I did not know that this song could be done with one string, but someone was able to play One with One string. There are a couple times where he layers, primarily since there’s still a lead & rhythm guitar portion to the song. But it appears to be the same string in both instances.
It’s pretty good. It’s not 100% the same, but it’s also not 16% the same, so this guy can do more with one string than Metallica does with 6. I assume that’s how that works, right?
Anyway, you’ve likely heard the song 14 million times already so I don’t need to go into it, so enjoy!
I assume I posted this four years ago. Or eight years ago. Either way, Hammerfall is a fun band, and they have a hell of a time curling in this video for Hearts on Fire. Burning with desire.
You know a sport is hardcore when the athletes are sponsored by Acuvue.
The song has great vocals, like you expect with Hammerfall, and killer vocal harmonizing from time to time. I don’t know what Templars have to do with curling, but I bet they hate hammers or something.
Anyway, this song is great and you should listen to it and enjoy the crazy soaring solos, breakdown, bigass drums, and curling!
Ooh crazy ass late 70’s thrash sorta. Against the Grain’s Cheated Death is raw, fast, and ready to be the soundtrack to many a Trans-Am washings. These guys have only been around since 2009 I guess? But they sound like they catapulted straight from 1978, decked out in denim and those jackets with the fringes & stuff on them.
The song has a great sound, it’s pretty stripped down for the instruments, and the solo is technical without being overly noodly. The vocals mesh perfectly with the sound, though with the addition of lyrics to the video, you can see that they’re kinda… basic? Like maybe he needs a rhyming dictionary or something. Within the framework of the song it works, it just kind of caught me early on.
So if you’re ready to dive into, as Angry Metal Guy calls it, “old-man shit,” give Against the Grain a spin. You won’t be disappointed.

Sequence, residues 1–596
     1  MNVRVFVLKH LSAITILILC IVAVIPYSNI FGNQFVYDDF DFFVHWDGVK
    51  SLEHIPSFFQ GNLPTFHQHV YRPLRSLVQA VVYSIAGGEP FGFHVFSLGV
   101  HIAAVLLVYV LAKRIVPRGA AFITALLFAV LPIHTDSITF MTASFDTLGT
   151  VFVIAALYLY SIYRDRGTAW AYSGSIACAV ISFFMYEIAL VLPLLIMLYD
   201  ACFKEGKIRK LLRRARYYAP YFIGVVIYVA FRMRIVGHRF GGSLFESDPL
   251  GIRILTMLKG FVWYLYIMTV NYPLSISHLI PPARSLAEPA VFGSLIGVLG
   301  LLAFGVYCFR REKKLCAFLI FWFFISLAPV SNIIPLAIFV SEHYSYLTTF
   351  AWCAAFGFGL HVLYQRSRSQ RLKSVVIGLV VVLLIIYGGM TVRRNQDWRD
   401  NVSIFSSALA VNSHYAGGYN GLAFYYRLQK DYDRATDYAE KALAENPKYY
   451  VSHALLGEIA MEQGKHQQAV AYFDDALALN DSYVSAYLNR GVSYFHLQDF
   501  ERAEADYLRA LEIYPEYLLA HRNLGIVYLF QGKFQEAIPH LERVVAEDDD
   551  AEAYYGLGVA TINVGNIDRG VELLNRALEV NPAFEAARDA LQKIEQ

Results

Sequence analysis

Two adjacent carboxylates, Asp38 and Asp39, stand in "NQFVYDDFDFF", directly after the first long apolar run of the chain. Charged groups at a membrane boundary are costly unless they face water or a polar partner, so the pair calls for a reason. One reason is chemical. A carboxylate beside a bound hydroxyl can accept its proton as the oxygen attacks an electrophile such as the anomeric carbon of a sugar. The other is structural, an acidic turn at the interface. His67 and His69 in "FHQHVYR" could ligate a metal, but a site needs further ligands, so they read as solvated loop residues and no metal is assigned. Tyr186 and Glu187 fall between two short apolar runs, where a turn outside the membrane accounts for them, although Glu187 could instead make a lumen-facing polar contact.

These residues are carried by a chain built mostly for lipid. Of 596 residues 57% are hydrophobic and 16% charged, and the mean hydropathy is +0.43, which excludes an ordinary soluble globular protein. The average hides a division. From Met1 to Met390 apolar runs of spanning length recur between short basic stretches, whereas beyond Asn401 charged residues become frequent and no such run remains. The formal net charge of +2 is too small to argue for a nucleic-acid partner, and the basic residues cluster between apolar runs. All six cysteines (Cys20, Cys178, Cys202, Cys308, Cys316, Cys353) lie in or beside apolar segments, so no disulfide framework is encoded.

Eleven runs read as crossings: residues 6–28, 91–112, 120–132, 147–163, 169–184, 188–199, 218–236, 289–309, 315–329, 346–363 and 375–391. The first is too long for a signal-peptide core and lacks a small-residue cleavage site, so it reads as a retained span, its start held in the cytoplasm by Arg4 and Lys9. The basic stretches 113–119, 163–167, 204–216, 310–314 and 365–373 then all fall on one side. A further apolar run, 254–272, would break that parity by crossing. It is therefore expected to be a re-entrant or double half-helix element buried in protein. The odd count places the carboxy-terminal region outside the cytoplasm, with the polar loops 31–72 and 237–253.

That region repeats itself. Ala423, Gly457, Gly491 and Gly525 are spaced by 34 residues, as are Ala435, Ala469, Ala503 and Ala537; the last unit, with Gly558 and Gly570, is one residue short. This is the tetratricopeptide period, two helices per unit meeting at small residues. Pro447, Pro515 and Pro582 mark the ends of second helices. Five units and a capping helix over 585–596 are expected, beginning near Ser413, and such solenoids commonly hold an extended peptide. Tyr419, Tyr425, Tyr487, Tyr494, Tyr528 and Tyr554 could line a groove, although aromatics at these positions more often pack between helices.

I think I’ve found the soundtrack for this generation’s backyard wrestling videos. No longer will we have to hear the same four Pantera songs, or, if they’re particularly solid metal heads, Soulfly or Sepultura songs.
The song starts with some big drums and a chugga groove, then dives headlong into the type of metal that was somehow popular in the early 2000’s. Not the stuff with the random dude harmonizing on top of the guy rapping, but the stuff with the guy with the voice where you may ask, “Do you smoke cigarettes, or do you eat them?”
All in all, it’s a well put together song, and I can see why people would dig it. Some of my favorite bands sound like they’re from 1986; maybe for others they want to relive lighting a table on fire and powerbombing their friend through it.
I’ve covered a few different Audrey Horne songs over the years; it’s fun hearing throwback metal from time to time, and they do it really well. There’s something great about dueling guitarmonies and vocal harmonizing on choruses that doesn’t happen too often, so it’s fun to hear some new songs featuring it. We can’t listen to Boston all the time. Well. We can. But variety is important in life.
Anyway, Audrey Horne’s got a new album out, Blackout, and This is War is one of the tracks from said album. The song starts with noodly guitar scales, kicks into a bass intro, then drops you into the riff you’ll hear for most of the song. And it’s a killer riff, very Saxon-like.